Things have gone from bad to worse for Babcock & Brown, with the besieges investment firm in a trading halt after revealing it was in dispute with one of its lenders.
THE AUSTRALIAN FINANCIAL REVIEW:
Page 1: The Federal Reserve's grim outlook for the world's largest economy and likely rejection by United States legislators of a bail-out plan for the American car industry, sparked a savage sell-off on global markets, leaving the Australian sharemarket its lowest level in five years.
Major banks are demanding that the federal government overhaul its guarantee on bank deposits and wholesale funding, including lowering the $1 million threshold on free guaranteed deposits and shortening the scheme's three-year time frame.
Page 3: The Rudd government has used its $6.2 billion car assistance fund as leverage to persuade Ford Australia to keep open its Geelong engine plant, which it had planned to shut down in 2010.
Page 5: The likelihood that Telstra will bid for the federal government's $4.7 billion national broadband network became even slimmer yesterday after it failed to secure adequate assurances its operations would not be split under the tender process.
Page 9: The potential for a sharp slowdown in the domestic property market has been underlined by new figures showing growth in housing finance screeched to its lowest annual rate in two decades during September.
Page 10: Thirty-four firms linked to some of the world's biggest movie producers have filed a landmark legal action against Australia's third-largest internet service provider, iiNet, alleging breach of copyright for allowing customers to download their movies.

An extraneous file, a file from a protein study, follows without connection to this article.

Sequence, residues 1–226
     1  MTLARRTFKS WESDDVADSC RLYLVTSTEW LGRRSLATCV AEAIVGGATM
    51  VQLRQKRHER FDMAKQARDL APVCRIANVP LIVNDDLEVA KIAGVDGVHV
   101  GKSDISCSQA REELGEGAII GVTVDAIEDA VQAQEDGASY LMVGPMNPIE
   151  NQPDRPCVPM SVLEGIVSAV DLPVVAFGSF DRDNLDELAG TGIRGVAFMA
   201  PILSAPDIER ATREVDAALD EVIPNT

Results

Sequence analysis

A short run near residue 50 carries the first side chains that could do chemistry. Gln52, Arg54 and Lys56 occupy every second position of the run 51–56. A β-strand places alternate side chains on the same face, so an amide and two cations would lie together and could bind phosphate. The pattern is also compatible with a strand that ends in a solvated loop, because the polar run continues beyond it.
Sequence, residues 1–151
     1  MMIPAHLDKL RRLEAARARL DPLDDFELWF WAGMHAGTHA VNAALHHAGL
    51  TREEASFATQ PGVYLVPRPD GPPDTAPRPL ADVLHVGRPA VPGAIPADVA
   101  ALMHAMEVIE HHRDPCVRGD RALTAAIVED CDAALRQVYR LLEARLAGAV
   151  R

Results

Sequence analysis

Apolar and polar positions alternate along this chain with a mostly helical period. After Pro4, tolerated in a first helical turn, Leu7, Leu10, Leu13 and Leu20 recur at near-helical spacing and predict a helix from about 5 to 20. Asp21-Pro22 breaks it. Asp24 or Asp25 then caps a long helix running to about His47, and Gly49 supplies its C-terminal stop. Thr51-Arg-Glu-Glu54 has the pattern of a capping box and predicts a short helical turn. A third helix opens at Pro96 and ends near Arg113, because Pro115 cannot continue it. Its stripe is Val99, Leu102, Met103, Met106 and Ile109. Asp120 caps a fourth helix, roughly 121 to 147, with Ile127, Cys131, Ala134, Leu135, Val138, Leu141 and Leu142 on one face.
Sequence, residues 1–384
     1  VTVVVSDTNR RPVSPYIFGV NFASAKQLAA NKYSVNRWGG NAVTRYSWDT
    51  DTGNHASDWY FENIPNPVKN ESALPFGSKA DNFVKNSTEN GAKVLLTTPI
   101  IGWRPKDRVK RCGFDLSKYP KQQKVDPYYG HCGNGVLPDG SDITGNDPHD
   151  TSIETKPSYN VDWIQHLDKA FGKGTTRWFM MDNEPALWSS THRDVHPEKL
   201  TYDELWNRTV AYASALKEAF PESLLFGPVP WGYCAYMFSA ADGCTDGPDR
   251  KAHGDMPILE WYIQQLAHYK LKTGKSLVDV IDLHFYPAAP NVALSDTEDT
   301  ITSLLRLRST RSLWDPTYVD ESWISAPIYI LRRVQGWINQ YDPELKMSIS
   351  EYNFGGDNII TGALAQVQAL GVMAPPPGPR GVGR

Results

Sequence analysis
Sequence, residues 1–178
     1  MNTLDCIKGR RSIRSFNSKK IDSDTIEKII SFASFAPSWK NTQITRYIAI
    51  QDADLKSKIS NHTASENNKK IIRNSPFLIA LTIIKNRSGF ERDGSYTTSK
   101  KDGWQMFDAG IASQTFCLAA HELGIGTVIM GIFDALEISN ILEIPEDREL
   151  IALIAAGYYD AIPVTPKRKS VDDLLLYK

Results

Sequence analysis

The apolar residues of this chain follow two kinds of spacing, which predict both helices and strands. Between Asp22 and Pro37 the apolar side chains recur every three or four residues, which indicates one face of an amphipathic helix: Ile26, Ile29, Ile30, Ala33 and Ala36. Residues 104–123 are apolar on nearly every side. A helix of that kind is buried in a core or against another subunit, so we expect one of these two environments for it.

Page 15: Trade schools are suffering as most businesses, especially in construction, and are hiring far fewer apprentices.
Page 1: The Rudd government believes it can get through the next year without being forced into deficit, but plunging financial markets show investors are already trading on the basis that the economy is heading for recession.
Page 3: Australia's biggest film and television companies have ignited a long-simmering war with the internet sector, lodging a lawsuit against Perth-based broadband provider iiNet seeking damages that could run into millions of dollars.
Business: The Australian market slumped 4.19 per cent yesterday, taking its losses since the November 1 peak to 50.9 per cent in a selling wave that has slashed $905 billion from listed companies.
Babcock & Brown appears close to collapse after a deal to set fresh debt covenants stalled when Germany's HypoVereinsbank refused to inject emergency cash into the troubled company.
The removal of the ban on short selling of non-financial stocks this week has prompted renewed interest in the practice on local markets, with stocks that are highly geared or tied to the consumer economy among the chief targets.
Westpac chief executive Gail Kelly has finalised her executive line-up, appointing a business banking veteran to head the St George side of the merged business.
As a global recession looms larger, few market observers in Australia are prepared to call a bottom to the equity market slide that has wiped more than 50 per cent from the market's value since its high point.
Extract Resources' merger with AIM-listed Kalahari Minerals has collapses over concerns that the move would hand control of the uranium company to global mining giant Rio Tinto.
Babcock & Brown now looks terminal.
Fortescue Metals group has announced that a mystery Chinese steel mill has agreed to boost its offtake agreement with the iron ore miner for 2009, increasing its contract by 3.5 million tonnes to 5.5 million tonnes.
China's $900 billion stimulus package will not rescue the steel industry from its decline, with one analyst listing all steel stocks as a sell.
Gindalbie Metals says its growing war chest is the positive outcome of a large share placement to Chinese steel making giant Ansteel.